Britain Imprisons Migrants

Migrants seeking safe haven asylum are treated like criminals.

British media largely ignore what’s ongoing. A March 3 London Independent report was a rare exception proving the rule.

It headlined “Immigration centres: Act now to overhaul Britain’s ‘shocking’ detention of migrants indefinitely and in appalling conditions, say MPs.”

It bears repeating. Britain is more police state than democracy. Abused migrants seeking life and liberty are “held for years” under conditions resembling “high-security prisons,” the Independent reported.

Appalling treatment violates fundamental human rights. It’s “catastrophic” for detainees’ health and welfare.

Britain is the only EU country permitting longterm “locked up in limbo” with no right of appeal.

“Some lose hope and they try to kill themselves,” said one detainee.

“Some try burning themselves with whatever they can get. Some try hanging themselves in the shower.” Others slash their wrists.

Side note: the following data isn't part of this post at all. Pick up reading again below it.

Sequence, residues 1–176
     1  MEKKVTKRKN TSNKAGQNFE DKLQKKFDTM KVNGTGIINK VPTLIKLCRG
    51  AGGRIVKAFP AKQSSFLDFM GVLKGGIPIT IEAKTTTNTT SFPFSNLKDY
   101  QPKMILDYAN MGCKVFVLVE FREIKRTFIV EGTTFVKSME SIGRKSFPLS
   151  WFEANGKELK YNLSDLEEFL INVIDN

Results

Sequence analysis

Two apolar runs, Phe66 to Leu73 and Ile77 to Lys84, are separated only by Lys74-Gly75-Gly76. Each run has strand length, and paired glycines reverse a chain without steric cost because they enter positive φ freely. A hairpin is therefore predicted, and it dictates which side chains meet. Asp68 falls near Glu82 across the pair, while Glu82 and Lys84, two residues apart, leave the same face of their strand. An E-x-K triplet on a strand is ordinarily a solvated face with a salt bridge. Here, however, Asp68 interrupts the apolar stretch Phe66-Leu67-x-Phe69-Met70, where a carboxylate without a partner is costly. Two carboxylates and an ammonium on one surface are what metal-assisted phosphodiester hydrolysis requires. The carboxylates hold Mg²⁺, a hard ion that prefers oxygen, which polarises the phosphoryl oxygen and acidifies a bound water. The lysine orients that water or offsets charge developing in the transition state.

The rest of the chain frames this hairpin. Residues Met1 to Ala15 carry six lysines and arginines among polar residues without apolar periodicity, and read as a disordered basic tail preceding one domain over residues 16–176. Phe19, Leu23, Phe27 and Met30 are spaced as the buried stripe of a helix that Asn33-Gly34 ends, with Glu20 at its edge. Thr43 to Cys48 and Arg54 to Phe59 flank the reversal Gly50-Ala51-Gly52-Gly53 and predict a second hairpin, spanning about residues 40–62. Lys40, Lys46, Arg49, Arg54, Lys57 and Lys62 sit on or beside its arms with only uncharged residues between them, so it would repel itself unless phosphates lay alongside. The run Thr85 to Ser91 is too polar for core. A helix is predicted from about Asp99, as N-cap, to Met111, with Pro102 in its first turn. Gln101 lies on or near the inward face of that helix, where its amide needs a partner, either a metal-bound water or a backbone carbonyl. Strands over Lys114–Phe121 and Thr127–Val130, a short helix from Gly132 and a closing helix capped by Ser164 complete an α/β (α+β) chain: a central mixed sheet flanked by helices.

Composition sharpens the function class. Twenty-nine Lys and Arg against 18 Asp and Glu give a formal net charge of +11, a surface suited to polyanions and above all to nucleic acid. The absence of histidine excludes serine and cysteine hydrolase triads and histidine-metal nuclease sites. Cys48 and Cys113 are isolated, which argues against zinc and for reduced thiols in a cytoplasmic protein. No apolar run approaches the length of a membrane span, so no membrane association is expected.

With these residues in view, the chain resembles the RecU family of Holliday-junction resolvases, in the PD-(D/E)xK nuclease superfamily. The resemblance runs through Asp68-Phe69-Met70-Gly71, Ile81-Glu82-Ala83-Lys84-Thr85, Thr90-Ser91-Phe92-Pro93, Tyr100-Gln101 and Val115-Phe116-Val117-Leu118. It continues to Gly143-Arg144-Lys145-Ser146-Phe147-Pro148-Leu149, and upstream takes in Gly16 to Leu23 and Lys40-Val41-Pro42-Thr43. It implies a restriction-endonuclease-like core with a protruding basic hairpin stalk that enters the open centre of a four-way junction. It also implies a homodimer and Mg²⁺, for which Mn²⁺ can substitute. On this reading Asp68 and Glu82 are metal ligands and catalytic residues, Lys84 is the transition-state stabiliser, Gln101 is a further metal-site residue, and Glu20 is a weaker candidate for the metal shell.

“They think it’s the only way out. I’ve seen this with my own eyes.”

“Detention is a way to destroy people. They do not kill you directly, but instead you kill yourself.”

Thousands endure appalling treatment amounting to torture and other forms of abuse.

Lib Dem MP Sarah Teather chaired an inquiry into what’s going on. People detained longterm suffer “intense psychological damage,” she said.

Britain’s repressive migrant detention system desperately needs a total overhaul.

“Medical conditions in some centres (are) so bad that some detainees (aren’t) given treatment even after they tried to kill themselves,” said the Independent citing parliament’s report on migrant abuse.

Detainees are bullied, harassed, beaten and otherwise abused.

UNHCR’s Gonzalo Vargas Llosa said Britain’s policy of “routinely detaining asylum-seekers for reasons of administrative convenience” violates fundamental human rights principles.

“Detention is not only costly, but can have a lasting, detrimental impact on the mental and physical health of asylum-seekers.”

Shami Chakrabarti heads the UK-based Liberty civil and human rights group.

She calls Britain’s “scandal(ous) detention system one of the greatest stains on the UK’s human rights record in recent decades – a colossal and pointless waste of both public funds and human life.”

A Cameroon detainee said “(w)hen I asked for protection, my rights were confiscated and I lost my freedom.”

A Rwandan said “(y)ou are just a number, nothing. I attempted suicide twice.”